Convention and Realism in Washington Square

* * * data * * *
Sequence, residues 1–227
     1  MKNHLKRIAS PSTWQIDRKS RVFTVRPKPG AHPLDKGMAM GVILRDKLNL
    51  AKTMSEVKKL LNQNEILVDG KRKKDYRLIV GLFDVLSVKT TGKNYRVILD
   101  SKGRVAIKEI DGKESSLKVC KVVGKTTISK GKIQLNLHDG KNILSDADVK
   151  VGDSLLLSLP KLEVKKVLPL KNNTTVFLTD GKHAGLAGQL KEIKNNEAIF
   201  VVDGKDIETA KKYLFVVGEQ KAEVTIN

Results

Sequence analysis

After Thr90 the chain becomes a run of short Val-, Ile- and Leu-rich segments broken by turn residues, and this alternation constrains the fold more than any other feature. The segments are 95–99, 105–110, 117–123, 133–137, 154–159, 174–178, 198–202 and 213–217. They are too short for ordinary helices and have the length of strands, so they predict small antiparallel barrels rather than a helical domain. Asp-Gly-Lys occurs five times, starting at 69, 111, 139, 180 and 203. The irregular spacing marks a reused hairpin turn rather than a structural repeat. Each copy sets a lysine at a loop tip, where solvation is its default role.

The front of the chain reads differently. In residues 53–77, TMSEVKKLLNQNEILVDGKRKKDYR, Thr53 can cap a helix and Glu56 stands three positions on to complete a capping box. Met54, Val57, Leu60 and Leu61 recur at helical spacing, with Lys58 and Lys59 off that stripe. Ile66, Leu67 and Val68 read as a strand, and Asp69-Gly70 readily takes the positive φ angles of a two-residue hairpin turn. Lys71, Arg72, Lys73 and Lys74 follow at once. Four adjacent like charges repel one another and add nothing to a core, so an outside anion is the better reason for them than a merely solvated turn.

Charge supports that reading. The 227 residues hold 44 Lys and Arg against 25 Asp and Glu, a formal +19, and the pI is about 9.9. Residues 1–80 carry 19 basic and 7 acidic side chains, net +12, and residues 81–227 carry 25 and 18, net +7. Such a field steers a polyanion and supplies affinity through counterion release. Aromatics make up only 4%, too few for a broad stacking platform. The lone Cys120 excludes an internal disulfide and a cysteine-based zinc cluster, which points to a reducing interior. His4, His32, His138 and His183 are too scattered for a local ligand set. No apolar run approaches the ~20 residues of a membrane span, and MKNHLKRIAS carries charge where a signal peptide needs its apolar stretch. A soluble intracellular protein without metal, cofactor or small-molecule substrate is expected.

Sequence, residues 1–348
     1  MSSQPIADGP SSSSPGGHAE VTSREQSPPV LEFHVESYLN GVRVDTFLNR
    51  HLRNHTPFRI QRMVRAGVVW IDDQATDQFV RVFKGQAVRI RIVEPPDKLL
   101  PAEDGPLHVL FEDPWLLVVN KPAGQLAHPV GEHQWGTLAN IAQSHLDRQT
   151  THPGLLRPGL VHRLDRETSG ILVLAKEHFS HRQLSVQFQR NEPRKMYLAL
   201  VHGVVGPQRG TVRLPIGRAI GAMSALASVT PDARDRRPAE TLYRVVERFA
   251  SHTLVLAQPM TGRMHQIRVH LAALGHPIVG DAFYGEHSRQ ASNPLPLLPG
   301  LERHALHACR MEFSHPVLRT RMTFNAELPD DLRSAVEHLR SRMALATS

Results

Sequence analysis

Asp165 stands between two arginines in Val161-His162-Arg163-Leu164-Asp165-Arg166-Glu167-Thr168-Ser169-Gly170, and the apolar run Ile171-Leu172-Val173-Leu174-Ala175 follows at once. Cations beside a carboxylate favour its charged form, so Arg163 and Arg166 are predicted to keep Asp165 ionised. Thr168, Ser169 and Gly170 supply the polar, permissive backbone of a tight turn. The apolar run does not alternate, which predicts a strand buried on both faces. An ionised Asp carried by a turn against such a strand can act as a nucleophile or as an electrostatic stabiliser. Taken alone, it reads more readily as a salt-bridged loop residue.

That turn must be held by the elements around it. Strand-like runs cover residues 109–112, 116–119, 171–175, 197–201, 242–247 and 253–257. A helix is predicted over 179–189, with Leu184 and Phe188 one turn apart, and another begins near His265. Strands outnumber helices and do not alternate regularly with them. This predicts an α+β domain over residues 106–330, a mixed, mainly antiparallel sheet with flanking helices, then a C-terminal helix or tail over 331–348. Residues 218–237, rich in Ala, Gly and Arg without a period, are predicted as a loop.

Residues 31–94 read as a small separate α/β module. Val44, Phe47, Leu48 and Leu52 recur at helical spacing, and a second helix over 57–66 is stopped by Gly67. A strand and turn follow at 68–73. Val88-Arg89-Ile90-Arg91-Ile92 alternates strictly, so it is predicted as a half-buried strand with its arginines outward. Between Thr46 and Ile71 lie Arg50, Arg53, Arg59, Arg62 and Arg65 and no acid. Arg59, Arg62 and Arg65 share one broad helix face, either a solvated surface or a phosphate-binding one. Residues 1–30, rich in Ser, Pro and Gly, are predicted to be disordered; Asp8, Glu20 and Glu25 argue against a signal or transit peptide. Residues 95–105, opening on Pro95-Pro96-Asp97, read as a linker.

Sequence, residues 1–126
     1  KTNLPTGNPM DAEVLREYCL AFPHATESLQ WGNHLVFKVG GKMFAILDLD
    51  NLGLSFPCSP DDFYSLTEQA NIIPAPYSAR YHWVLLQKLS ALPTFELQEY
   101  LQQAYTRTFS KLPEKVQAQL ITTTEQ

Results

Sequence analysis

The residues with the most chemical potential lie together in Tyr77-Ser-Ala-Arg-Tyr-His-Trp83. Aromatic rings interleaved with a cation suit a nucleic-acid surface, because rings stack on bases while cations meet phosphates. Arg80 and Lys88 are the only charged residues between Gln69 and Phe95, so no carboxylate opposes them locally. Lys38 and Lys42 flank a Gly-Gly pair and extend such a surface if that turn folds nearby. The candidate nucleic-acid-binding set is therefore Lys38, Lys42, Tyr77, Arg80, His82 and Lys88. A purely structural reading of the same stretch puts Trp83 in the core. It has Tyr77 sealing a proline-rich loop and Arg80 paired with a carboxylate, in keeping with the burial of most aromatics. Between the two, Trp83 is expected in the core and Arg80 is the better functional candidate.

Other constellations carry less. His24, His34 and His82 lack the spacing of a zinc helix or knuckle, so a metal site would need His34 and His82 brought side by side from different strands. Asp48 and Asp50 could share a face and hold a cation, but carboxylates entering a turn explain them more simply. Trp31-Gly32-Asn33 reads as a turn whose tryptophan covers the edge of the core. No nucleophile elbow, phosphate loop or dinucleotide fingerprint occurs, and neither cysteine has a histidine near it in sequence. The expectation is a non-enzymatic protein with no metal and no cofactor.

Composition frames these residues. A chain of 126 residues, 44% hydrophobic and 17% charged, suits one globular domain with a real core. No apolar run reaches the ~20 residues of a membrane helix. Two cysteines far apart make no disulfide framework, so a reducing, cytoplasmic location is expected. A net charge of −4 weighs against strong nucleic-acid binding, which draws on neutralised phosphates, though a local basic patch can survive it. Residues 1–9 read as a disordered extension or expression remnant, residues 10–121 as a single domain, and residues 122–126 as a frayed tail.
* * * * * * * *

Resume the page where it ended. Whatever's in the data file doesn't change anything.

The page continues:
Realism, as described by William Dean Howells in the late nineteenth century, replaces the high art and style of the literature of the preceding decades by permitting such characters as Howells' Silas Lapham to have a distinct place in the pantheon of American literary characters. Fervently, Howells invoked the "truth" of the realist genre, writing, "Let it portray men and women as they are, actuated by the motives and the passions in the measure we all know...let it speak the dialect, the language, that most Americans know - the language of unaffected people everywhere'" (Fictions of the Real, 188). This impassioned phrase, apparently invoking the importance of characters such as Silas Lapham, indicates the emergence of a gritty language, an "unaffected" dialect. Such a marker for realism connotes not the stories of Howell or James, but rather the coarse, common language of the masses as found in the pages of Twain's Huckleberry Finn. Howells' call for realism encompasses such literary giants as Henry James, but does not necessarily describe them. Both Howells and James, though utterly invested in "the motives and passions" of the human race, still rely and stylistic and...
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